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Let $\Omega\subseteq\mathbb{R}^n$ be a bounded domain and $u\in C^0(\overline{\Omega})\cap C^2(\Omega)$ be a solution of $$\left\{\begin{matrix}-\Delta u&=&f&&\text{in }\Omega\\ u&=&0&&\text{on }\partial \Omega\end{matrix}\right.\tag{1}$$ Using Gauss's theorem, I want to conclude, that $$\int_\Omega\langle\nabla u,\nabla\varphi\rangle\;d\lambda^n=\int_\Omega f\varphi\;d\lambda^n\;\;\;\text{for all }\varphi\in C_0^1(\Omega)\;,\tag{2}$$ but I absolutely don't get it.


From $(1)$ we obtain $$-\Delta u=f\;\Rightarrow\;-\Delta u\varphi =f\varphi\;\Rightarrow\;-\int_\Omega\Delta u\varphi\;d\lambda^n=\int_\Omega f\varphi\;d\lambda^n\tag{3}$$ for all $\varphi\in C_0^1(\Omega)$. Gauss's theorem yields $$\int_\Omega\Delta u\varphi\;d\lambda^n=\int_{\partial\Omega}\langle\nabla u,\nu\rangle\;do\tag{4}\;,$$ but that doesn't seem to help at all in $(3)$ to obtain $(2)$. So, what's the trick?

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    $\begingroup$ $\varphi$ vanishes on $\partial \Omega$. So applying Gauß's theorem to $\varphi \nabla u$, we have $$0 = \int_{\partial\Omega} \langle \varphi\nabla u,\nu\rangle\,do = \int_\Omega \operatorname{div} (\varphi\nabla u)\,d\lambda^n.$$ $\endgroup$ – Daniel Fischer Jun 19 '15 at 18:27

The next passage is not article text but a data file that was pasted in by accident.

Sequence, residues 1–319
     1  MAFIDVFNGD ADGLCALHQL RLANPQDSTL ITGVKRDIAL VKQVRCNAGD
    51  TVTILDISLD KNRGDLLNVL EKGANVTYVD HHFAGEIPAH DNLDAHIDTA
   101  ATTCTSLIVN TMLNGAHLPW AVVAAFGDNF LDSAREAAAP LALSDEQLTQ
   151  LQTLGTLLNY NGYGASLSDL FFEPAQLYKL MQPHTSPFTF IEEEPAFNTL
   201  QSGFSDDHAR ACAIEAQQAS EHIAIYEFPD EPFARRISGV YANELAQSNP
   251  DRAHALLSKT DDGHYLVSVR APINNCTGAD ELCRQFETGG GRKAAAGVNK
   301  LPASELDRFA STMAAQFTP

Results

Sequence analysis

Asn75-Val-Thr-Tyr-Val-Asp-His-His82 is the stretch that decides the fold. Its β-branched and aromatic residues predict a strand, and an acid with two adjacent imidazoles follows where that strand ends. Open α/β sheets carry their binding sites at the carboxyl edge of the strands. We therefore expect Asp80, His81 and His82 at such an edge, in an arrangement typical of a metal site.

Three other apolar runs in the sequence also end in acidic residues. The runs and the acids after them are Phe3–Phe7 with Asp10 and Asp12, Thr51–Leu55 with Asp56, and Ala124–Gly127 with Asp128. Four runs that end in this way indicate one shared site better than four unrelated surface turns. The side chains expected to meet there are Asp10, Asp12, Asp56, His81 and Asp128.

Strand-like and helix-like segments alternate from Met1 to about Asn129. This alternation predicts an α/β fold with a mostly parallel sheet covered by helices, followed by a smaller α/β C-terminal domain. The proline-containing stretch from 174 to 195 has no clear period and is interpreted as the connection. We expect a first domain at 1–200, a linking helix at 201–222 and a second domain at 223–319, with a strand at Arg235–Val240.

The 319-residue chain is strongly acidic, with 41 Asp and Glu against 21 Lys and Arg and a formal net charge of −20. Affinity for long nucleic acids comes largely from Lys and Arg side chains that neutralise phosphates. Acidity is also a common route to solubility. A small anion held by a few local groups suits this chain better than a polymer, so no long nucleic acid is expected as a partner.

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Using Green's first identity what you would find is $$\int_{\Omega} \Delta u \phi = \int_{\partial \Omega} \phi \langle\nabla u, \nu \rangle - \int_{\Omega} \langle\nabla u, \nabla \phi\rangle$$ But $\phi$ is $0$ on the boundary so really you just distribute the Laplacian into two gradients, and pick up a minus sign.

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